It points to a passage from the book of Ezekiel.

‘Invisible’ Script Discovered on Dead Sea Scroll Fragments

It points to a passage from the book of Ezekiel.


Decades after their discovery, four "blank" fragments belonging to the Dead Sea Scroll collection have been discovered to contain text.

The Dead Sea Scrolls were found in 1947 in a series of caves near Qumran in the Judean desert. The approximately 950 scrolls of scriptures and religious texts are one of the most important and widely studied archaeological finds. The scrolls’ dates range between 200 B.C.E. and C.E. 68. The blank parchments were gifted to Ronald Reed of Leeds University in the 1950s to study the leather’s physical and chemical composition. That collection was then donated to the University of Manchester in 1997, and it has since remained untouched in a box on the shelves of the John Rylands Library. That is, until Prof. Joan Taylor of King’s College London reexamined one of the fragments.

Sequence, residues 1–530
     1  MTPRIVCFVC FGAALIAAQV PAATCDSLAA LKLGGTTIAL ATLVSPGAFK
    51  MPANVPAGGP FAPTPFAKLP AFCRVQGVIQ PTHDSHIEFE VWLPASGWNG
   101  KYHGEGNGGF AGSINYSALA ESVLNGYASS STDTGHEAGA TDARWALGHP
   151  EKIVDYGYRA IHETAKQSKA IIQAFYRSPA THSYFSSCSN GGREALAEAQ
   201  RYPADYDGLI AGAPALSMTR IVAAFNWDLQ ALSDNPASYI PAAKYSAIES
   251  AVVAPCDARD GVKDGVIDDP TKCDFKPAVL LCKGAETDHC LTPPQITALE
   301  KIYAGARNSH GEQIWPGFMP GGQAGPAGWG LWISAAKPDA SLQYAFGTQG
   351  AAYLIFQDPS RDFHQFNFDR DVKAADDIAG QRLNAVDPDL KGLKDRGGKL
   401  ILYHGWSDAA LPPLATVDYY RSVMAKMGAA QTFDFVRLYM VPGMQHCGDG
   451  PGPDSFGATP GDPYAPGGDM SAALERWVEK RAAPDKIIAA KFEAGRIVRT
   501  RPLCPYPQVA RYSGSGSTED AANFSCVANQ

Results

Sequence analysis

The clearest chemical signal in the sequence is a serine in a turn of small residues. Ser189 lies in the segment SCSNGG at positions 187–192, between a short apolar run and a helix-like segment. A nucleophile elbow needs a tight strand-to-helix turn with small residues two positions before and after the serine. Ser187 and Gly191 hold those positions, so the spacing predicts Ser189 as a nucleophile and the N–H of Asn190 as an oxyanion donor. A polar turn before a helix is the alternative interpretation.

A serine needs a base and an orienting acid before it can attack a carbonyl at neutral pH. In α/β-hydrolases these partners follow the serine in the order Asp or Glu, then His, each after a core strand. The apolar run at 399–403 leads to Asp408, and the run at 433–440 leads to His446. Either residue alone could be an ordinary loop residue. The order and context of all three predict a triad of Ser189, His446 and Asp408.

"I … thought I might be imagining things," Professor Taylor said in a press release from the University of Manchester about the find. As Taylor scrutinized one of the pieces of parchment under a microscope, she saw the faint mark of a letter—a lamed—the Hebrew letter "L."


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